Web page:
Per FNFG's quarterly report of 10/23/2015, its tangible book value is $6.84/sh. Have you a basis saying that it's about $4/sh? As the saying goes, you're entitled to your own opinion...but not your own facts.
You'll get .68 share of KEY for each FNFG share you own (1,000 shares of FNFG will become 680 shares of KEY) plus $2.30 per FNFG share, effective the closing date of the merger. The value of your FNFG shares will fluctuate over time, as will the KEY shares, so the total value to you is unknowable until the closing date--unless you sell your FNFG shares at some point prior to the closng.
I'm among those who are disappointed at the share price that FNFG has fetched (although the actual price won't be known until the deal closes). But I must admit that when FNFG was hovering in the $7 to $9 range there was no reason to believe that the bank would earn its way to the current level in this timeframe. I'd guess that there aren't many longtime FNFG stock holders who showed their confidence in the bank by adding to their holdings in the $7 to $9 range; I didn't. We got to the $10+ level based on buyout speculation, not based on the improvement in the bank's performance.
If $10.40 really was viewed as a steal by KEY, we wouldn't be seeing that stock taking the hit it has. Clearly, FNFG has been a huge, multi-year disappointment. There was little reason to believe that it was going to reverse course anytime soon & reward shareholders based on its merits. So we take the selling price & turn the page or move on & join up with KEY shareholders.
I listened to the NYCB presentation & Q&A concerning the AF deal. If you believe that the AF purchase & NYCB's debt restructuring will enable NYCB's share price over the long term to increase annually more than the $0.32 annual decrease in the divvy then you might see the deal as a long term positive (which I do).
It was quite annoying, however, to hear the CFO repeatedly refer to the divvy cut as "a slight adjustment." Had the divvy been raised by $0.08/qtr instead of being cut by that amount he no doubt would have trumpeted the change as a significant increase! In view of the fact that NYCB's dividend has been such a central part of its story for years, it would have been far better had management been more forthright about the significance of the cut, their awareness of the disappointment & pain that the cut would entail for many shareholders, but their conviction that it would be in the best interest of the shareholders. Rather than the "slight adjustment" bs.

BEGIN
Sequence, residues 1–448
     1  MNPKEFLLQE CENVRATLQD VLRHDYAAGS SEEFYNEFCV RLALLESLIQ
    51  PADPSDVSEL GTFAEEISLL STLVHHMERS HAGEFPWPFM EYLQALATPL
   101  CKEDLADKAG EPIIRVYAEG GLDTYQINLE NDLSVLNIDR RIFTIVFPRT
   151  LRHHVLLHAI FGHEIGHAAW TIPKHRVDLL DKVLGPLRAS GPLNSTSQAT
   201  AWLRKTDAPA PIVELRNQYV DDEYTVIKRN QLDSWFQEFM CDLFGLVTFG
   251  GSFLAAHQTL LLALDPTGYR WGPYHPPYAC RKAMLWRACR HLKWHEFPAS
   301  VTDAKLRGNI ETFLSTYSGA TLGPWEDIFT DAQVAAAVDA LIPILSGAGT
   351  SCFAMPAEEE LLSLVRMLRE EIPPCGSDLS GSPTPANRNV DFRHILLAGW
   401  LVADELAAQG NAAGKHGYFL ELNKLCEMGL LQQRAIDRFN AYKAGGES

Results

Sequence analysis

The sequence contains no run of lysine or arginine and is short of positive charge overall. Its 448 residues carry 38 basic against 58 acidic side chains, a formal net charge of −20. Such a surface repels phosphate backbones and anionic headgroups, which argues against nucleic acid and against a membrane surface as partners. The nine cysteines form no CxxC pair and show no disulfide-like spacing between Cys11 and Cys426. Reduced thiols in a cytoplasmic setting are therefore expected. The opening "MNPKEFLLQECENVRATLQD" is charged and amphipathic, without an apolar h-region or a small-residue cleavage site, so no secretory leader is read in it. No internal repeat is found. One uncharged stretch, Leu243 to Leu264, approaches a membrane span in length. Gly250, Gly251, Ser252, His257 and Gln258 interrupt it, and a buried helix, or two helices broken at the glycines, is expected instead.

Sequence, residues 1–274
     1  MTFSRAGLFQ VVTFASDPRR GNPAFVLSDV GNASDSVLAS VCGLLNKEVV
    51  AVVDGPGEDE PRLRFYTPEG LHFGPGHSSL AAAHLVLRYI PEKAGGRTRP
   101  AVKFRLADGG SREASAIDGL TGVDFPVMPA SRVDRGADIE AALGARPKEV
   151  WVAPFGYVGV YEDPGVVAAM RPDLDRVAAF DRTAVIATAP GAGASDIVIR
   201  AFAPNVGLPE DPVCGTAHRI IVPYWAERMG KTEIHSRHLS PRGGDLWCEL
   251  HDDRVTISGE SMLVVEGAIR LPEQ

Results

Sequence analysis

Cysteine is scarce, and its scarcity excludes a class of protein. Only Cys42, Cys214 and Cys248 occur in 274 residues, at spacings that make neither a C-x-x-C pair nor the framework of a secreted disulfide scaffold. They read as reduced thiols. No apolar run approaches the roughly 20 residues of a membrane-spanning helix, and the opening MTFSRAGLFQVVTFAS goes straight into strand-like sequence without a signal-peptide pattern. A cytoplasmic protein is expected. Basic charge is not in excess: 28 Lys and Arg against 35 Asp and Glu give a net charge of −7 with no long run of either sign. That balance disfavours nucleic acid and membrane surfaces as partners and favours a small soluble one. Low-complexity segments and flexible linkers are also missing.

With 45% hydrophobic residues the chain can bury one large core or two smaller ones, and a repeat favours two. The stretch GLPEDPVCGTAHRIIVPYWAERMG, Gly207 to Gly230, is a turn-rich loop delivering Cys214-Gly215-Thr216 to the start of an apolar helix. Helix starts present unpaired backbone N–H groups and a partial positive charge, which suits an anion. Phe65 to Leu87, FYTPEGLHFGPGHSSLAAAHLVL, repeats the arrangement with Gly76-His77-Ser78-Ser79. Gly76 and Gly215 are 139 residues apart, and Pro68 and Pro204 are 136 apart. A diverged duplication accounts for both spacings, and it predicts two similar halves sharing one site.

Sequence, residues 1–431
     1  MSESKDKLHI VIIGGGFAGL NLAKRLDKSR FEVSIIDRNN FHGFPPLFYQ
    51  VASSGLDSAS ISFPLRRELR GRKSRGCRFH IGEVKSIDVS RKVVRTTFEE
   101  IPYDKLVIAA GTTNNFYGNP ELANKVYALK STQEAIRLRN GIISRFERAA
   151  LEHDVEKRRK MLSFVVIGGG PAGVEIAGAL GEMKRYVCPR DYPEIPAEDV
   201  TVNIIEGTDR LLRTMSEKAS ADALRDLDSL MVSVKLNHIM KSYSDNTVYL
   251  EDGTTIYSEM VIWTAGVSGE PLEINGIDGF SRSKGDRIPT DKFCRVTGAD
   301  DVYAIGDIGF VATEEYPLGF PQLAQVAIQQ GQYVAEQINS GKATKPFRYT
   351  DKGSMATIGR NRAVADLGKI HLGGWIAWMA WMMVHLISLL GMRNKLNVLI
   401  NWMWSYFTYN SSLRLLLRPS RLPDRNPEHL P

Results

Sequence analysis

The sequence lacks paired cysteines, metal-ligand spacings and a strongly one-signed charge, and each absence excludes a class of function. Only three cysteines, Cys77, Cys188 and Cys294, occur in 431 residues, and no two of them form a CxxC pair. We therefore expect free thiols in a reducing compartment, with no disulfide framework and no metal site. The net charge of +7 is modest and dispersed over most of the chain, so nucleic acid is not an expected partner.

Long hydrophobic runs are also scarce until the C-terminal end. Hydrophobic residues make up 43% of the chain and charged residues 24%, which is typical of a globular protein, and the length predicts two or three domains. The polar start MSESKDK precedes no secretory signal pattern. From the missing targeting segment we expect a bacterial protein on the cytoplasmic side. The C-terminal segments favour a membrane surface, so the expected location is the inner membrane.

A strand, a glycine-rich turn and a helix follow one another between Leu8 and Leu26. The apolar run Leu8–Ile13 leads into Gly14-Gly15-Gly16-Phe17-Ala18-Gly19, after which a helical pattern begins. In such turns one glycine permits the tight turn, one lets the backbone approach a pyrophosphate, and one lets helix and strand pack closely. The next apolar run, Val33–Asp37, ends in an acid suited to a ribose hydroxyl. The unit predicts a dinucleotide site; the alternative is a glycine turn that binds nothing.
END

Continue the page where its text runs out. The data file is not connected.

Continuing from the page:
No one wants to see a dividend cut, especially when the divvy has been the major selling point of this stock for years. But that's the point. NYCB has been pretty much stuck in neutral for years. It's reliance on high cost borrowed funds, its commitment to keeping the $0.25 dividend & the persistence of the low interest rate environment & resultant pressure on the NIM all have worked to keep NYCB from growing in any meaningful way and have kept earnings at a level that barely exceeded the divvy.
Dilution & a divvy cut are tough pills to swallow, but AF will provide NYCB with much needed low cost deposits, the increase in shares will substantially reduce the reliance on borrowed funds, and the reduced divvy will significantly increase working capital. AF's recent entry into NYCB multi-family lending niche is a good fit, as is the geographic overlap of the two franchises & the opportunity for cost savings.
All in all, for the long-term investor in NYCB, I think it's a good deal. Over the near term...not so much.
Walters exercised an option on 383K shares (at $12.30/sh) for about $4.7 million on 6/17 & immediately sold them (at $16.08/sh) for about $6.1 million. Daukas' sale represented less than 10% of his holdings. Neither case should, in itself, be cause for concern for shareholders.